Assad launches Idlib offensive against rebels

Idlib was a “de-escalation” zone over the last two years but it was also a zone of contention, especially along the governorate’s borders.

A GENERAL view taken with a drone shows the Clock Tower of the rebel-held Idlib city, Syria in June. (photo credit: REUTERS)
A GENERAL view taken with a drone shows the Clock Tower of the rebel-held Idlib city, Syria in June.
(photo credit: REUTERS)
It began with leaflets. The Assad regime in Damascus dispatched helicopters to drop flyers over the northern province of Idlib which is controlled by several rebel groups, including extremists such as Hayat Tahrir al-Sham (HTS). On Friday, following the rain of paper, the shelling began leaving some 30 civilians dead, according to the London-based Syrian Observatory for Human Rights.
Residents in Idlib have been waiting for the hammer to fall for months, knowing that the regime wants to return Idlib to its control after seven years of civil war. But with Turkey’s observers in Idlib and Russian air cover on the regime side, the new battle taking shape could spark a larger conflict.
Idlib Governorate has absorbed many of the 6,000,000 Syrians internally displaced from fighting in eastern Ghouta, Homs, Aleppo and other places over the last seven years. In many cases, the regime has sought “reconciliation” as it launches one offensive after another, promising locals that they can go back to their normal lives if they lay down their weapons in support of the rebellion. But in each case there have been hard core fighters, many of them connected to extreme religious groups, that have refused to surrender. In these cases the regime, after bombing and destruction, has let the resistors be bussed north. Idlib thus became the dumping ground for all the remnants of the seven-year war. It was saved from a regime offensive because Damascus wanted to pick off the easiest targets first, and because Russia has been hosting talks in Astana and Sochi with Iran and Turkey to discuss the situation in northern Syria.
Idlib was a “de-escalation” zone over the last two years but it was also a zone of contention, especially along the governorate’s borders. Groups like HTS which Damascus views as al-Qaeda linked terrorists, are not seen as part of the de-escalation agreement. Though HTS has a great deal of power in Idlib, it is intermixed with other rebel groups such as Ahrar al-Sham and Faylaq al-Sham. These groups don’t get along, and some have been targeted by terrorist and IED attacks by the others. In July for instance, ISIS tried to blow up a Faylaq Sham vehicle. HTS has also sought to arrest hundreds of people that wanted reconciliation with Damascus over the last weeks, according to the Syrian Observatory for Human Rights.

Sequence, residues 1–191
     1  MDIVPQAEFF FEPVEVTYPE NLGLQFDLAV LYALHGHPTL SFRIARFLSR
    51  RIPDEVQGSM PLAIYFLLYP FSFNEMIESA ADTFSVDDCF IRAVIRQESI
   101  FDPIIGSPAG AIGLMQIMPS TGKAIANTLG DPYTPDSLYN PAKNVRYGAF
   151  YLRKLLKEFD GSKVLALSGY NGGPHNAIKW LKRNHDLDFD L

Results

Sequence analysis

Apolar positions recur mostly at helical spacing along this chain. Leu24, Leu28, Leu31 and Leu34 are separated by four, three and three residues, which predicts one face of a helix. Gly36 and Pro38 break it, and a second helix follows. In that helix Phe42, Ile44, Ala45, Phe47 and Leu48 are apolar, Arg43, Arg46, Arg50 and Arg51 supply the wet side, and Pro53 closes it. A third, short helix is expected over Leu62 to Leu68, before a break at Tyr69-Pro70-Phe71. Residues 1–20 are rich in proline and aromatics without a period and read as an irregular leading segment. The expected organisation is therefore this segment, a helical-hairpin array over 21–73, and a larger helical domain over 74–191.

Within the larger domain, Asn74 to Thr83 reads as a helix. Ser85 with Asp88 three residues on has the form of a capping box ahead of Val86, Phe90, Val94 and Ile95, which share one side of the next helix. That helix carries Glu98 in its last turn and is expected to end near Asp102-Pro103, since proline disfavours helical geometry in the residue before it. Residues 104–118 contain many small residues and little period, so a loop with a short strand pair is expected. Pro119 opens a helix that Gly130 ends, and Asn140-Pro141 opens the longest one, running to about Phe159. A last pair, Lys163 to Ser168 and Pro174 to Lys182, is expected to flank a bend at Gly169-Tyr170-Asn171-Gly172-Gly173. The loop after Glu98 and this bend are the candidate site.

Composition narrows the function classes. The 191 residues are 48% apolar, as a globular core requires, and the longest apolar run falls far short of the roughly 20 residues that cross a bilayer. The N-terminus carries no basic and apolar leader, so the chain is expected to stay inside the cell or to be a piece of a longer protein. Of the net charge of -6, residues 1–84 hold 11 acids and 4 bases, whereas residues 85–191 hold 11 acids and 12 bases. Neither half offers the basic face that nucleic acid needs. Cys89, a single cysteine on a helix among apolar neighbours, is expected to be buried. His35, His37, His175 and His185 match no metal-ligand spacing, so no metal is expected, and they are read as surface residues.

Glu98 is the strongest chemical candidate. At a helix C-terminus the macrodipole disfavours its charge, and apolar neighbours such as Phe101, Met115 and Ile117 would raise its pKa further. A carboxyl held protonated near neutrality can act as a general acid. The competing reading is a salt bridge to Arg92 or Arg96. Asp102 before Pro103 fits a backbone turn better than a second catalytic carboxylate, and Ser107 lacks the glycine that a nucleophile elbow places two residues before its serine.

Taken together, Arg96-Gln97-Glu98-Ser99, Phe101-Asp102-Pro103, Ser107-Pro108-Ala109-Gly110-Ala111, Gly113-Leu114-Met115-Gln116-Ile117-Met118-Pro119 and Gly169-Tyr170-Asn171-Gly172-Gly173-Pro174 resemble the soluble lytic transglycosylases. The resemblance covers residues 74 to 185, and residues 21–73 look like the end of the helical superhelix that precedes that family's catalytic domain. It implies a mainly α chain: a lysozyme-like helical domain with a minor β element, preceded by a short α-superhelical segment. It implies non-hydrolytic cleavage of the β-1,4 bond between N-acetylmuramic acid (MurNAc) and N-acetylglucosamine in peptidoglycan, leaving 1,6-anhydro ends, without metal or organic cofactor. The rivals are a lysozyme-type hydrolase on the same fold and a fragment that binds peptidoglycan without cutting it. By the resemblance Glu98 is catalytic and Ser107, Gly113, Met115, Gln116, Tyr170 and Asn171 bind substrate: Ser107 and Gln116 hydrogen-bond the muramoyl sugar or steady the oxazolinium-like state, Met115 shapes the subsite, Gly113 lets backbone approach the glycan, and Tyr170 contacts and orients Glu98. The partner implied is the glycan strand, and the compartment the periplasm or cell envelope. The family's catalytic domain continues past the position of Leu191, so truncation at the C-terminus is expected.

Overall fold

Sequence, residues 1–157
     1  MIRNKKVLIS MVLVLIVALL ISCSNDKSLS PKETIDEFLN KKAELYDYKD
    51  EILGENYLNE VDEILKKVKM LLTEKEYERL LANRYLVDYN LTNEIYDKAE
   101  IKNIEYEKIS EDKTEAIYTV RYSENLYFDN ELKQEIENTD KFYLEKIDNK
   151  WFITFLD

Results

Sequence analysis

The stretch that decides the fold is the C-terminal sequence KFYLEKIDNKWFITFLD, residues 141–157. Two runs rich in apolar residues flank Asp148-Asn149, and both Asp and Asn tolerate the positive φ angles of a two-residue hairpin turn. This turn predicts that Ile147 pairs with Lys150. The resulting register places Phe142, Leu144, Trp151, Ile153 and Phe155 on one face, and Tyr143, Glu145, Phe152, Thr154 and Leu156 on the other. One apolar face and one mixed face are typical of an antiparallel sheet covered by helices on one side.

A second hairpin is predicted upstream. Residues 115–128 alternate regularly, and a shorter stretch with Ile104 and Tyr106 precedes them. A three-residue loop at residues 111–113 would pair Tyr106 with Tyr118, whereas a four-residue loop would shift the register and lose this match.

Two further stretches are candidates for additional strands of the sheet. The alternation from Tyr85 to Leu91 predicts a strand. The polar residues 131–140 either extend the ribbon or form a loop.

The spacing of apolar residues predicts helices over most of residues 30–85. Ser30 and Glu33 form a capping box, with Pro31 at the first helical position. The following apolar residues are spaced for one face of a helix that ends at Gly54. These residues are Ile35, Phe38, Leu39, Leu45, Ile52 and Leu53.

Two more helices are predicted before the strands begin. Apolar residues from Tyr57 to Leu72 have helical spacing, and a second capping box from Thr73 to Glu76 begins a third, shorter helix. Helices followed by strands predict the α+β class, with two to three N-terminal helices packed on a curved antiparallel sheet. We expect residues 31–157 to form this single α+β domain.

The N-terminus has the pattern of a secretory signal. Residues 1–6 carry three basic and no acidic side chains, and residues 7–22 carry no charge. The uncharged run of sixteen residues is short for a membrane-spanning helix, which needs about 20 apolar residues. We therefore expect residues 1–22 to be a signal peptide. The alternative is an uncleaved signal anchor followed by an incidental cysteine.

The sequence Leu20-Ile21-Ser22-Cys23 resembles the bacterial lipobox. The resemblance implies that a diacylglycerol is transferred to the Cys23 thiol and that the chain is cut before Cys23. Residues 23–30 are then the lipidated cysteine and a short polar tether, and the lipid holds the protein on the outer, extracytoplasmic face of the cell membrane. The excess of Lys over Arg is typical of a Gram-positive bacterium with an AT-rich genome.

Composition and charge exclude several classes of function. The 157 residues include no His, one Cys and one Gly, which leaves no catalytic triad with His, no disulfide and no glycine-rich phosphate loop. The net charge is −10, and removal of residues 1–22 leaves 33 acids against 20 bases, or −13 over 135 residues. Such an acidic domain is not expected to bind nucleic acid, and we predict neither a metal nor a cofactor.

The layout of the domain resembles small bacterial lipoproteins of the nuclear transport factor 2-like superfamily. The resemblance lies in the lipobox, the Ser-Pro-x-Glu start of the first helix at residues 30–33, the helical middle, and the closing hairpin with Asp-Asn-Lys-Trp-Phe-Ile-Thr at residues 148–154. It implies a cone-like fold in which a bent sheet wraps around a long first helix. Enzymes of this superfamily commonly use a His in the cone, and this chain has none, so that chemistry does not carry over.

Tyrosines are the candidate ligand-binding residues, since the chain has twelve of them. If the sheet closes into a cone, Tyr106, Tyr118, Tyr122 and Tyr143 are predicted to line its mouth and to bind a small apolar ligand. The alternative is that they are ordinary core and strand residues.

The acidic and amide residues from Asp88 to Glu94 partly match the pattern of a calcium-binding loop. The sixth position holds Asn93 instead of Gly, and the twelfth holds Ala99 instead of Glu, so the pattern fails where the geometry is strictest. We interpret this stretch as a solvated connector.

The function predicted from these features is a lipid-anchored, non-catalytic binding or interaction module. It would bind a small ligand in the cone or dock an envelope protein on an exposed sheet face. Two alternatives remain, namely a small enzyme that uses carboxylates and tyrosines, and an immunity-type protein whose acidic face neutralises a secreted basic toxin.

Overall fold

Turkish forces began moving into Idlib last year, and in May they set up 12 observation points around the governorate. According to Turkish daily Hurriyet, HTS fighters have escorted some of these Turkish patrols. This creates a volatile situation. If the regime moves too far into Idlib it will run into Turkish forces. Yet a map of the unfolding offensive that began over the weekend shows the Syrian air force and, according to reports, the Russians have been active in the skies over Idlib. Turkey has not opposed this.
Russia, Turkey and Iran met at Sochi on the Black Sea on July 30. It appears that private agreements have been made about Idlib. According to Syrian state media, the offensive taking place in Idlib is not a priority. The media has sought to highlight instead an offensive against ISIS near Suwayda in the south. Russia’s TASS news agency also has not mentioned Idlib recently, but has focused on Russian forces in Hmeimim Air Base south-east of Latakia  fending off a drone attack. The drone was likely launched from Idlib on August 9.
In Idlib the Syrian Civil Defense, known as White Helmets, reported that civilians were injured in “barbaric aerial bombardment of residential neighborhoods in Khan Shikhun City.”
Residents have also protested calling for Turkish protection. But in Turkey the main news is not the offensive, but rather claims that the Kurdish People’s Protection Units (YPG) are aiding the Syrian regime in the offensive. The YPG are part of the Syrian Democratic Forces in eastern Syria which fought ISIS alongside the US over the last several years. They also used to run the governorate of Afrin north of Idlib. However in January Turkey invaded Afrin alongside Syrian rebel groups and forced out the YPG.
For Turkey, the desire to emphasize the YPG participation is part of its larger dispute with the US that has grown over the last year. Turkey accuses the US of working with “terrorists” while at the same time Washington has announced sanctions on Ankara due to Turkey’s detention of US pastor Andrew Brunson.
The Syrian regime offensive therefore comes at a time when Turkey is least able to challenge Syria in Idlib due to Turkey’s own issues with Washington. Turkey has grown closed to Moscow, and opposition to the regime in Idlib could cause problems with the Kremlin, harming the Turkish economy more than it has already been weakened by US sanctions threats. The Turkish lira collapsed Friday to an all-time low against the dollar.
The Syrian regime faces a tough battle in Idlib and must decide how much of the governorate it wants to re-occupy. It may proceed slowly, trying to reconcile a few villages rather than engage in a full-force battle. The UN has warned one million children are at risk in Idlib fighting. One million refugees fleeing to Turkey would create a massive humanitarian crisis when Ankara can least afford it, and force intervention. For Turkey there may be a silver lining though. As HTS is pressed by the Assad regime, it may need to welcome rebel groups that are closer to Ankara, such as Faylaq Sham, thus increasing Turkish influence and removing HTS from its perch.